Had “No Information” On Al-Qaeda Chief’s Presence In Afghanistan, Says Taliban

The statement came two days after the US announced the killing of Al-Qaeda chief in a drone strike in Kabul.

Had 'No Information' On Al-Qaeda Chief's Presence In Afghanistan, Says Taliban

Al-Qaeda chief’s assassination is the biggest blow to the terror group since Osama’s killing


The Taliban said Thursday they have no knowledge of Ayman al-Zawahiri’s presence in Afghanistan, two days after US President Joe Biden announced the Al-Qaeda chief’s killing by a drone strike in Kabul.

“The leadership of the Islamic Emirate of Afghanistan has instructed the intelligence agencies to hold a comprehensive and serious investigation,” said an official statement — the Taliban’s first mention of Zawahiri’s name since Biden’s announcement.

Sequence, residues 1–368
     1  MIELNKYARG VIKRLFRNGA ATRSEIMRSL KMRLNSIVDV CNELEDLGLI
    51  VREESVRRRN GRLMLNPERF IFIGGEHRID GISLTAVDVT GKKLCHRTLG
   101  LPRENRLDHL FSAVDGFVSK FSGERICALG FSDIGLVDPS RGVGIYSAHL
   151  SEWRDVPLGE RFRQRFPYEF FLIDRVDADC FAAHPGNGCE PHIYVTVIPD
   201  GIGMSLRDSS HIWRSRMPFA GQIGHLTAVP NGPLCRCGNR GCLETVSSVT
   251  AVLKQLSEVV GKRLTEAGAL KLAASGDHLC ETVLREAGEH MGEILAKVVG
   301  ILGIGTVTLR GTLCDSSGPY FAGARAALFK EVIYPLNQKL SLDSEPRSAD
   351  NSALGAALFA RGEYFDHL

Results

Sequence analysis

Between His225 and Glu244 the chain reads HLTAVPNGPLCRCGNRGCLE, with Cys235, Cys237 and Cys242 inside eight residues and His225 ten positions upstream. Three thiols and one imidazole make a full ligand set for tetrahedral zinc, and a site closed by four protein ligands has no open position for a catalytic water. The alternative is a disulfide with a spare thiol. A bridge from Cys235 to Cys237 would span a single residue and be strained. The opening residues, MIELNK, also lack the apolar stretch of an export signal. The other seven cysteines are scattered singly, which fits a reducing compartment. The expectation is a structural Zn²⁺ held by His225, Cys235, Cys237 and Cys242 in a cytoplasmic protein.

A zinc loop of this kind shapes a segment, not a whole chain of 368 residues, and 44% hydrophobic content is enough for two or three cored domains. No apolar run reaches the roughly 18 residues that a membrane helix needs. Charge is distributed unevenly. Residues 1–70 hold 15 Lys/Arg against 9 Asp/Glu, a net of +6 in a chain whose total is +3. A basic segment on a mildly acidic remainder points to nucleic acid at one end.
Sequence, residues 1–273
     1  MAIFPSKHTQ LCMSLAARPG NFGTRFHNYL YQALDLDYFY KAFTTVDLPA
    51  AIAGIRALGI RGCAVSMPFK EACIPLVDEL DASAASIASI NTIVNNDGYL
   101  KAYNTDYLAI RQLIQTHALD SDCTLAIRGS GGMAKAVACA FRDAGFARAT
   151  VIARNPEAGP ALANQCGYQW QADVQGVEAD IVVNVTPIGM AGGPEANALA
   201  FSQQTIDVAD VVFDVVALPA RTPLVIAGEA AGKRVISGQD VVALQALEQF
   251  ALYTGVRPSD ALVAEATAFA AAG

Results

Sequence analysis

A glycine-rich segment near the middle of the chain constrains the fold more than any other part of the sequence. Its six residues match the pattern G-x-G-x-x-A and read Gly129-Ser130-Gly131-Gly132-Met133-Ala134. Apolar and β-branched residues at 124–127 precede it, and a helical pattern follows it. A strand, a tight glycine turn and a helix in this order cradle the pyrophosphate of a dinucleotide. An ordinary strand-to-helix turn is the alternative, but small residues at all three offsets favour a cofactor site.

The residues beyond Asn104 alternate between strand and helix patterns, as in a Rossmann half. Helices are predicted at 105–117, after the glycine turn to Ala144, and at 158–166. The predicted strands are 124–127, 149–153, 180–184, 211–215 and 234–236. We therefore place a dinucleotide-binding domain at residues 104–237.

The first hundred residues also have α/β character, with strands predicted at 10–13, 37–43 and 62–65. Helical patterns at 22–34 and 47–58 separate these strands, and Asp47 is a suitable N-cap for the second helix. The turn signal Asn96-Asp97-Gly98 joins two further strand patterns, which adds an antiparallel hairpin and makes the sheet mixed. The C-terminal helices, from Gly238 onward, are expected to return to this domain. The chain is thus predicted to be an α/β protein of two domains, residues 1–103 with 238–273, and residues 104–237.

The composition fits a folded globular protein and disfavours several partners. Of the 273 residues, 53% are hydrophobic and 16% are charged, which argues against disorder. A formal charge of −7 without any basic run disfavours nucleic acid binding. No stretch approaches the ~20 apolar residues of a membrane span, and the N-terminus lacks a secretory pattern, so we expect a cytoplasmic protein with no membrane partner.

Zawahiri’s assassination is the biggest blow to Al-Qaeda since US special forces killed Osama bin Laden in 2011, and calls into question the Taliban’s promise not to harbour terrorist groups.

The Taliban reiterated in their statement Thursday that there was “no threat” to any country from Afghanistan’s soil.

In announcing Zawahiri’s death Tuesday, Biden declared “justice had been delivered” to the families of victims of the 9/11 attacks on the US.

(Except for the headline, this story has not been edited by our staff and is published from a syndicated feed.)

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